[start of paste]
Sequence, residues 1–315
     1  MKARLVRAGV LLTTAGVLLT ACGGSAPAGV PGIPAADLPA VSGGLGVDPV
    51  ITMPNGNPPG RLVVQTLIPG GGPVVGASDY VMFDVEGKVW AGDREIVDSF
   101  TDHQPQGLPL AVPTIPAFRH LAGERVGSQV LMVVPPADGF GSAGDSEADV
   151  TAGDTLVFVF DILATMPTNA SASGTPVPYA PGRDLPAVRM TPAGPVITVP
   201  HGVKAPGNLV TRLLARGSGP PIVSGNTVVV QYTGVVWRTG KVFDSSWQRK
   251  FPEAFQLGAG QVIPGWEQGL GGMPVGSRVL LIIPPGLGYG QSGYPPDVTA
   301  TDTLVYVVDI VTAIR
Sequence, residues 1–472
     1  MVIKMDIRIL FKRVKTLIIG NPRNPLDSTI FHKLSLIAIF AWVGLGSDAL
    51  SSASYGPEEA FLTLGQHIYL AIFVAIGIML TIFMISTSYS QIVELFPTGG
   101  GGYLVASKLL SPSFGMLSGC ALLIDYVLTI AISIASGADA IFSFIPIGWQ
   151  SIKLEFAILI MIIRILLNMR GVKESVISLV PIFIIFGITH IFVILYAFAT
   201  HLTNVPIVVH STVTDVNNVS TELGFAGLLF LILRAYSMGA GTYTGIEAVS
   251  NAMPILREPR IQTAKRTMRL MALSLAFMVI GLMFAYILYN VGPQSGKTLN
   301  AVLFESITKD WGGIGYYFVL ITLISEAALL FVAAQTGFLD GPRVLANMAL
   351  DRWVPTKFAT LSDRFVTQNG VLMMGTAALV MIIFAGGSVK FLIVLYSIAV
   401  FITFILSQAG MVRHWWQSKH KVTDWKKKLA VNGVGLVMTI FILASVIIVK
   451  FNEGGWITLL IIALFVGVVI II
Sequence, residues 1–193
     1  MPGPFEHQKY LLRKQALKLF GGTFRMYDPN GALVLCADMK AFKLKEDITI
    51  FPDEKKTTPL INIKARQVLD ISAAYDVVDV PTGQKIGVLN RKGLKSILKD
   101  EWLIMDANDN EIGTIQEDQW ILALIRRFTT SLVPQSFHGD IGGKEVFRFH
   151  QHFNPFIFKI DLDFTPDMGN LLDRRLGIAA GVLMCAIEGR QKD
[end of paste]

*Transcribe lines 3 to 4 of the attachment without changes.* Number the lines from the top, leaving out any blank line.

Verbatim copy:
    51  ITMPNGNPPG RLVVQTLIPG GGPVVGASDY VMFDVEGKVW AGDREIVDSF
   101  TDHQPQGLPL AVPTIPAFRH LAGERVGSQV LMVVPPADGF GSAGDSEADV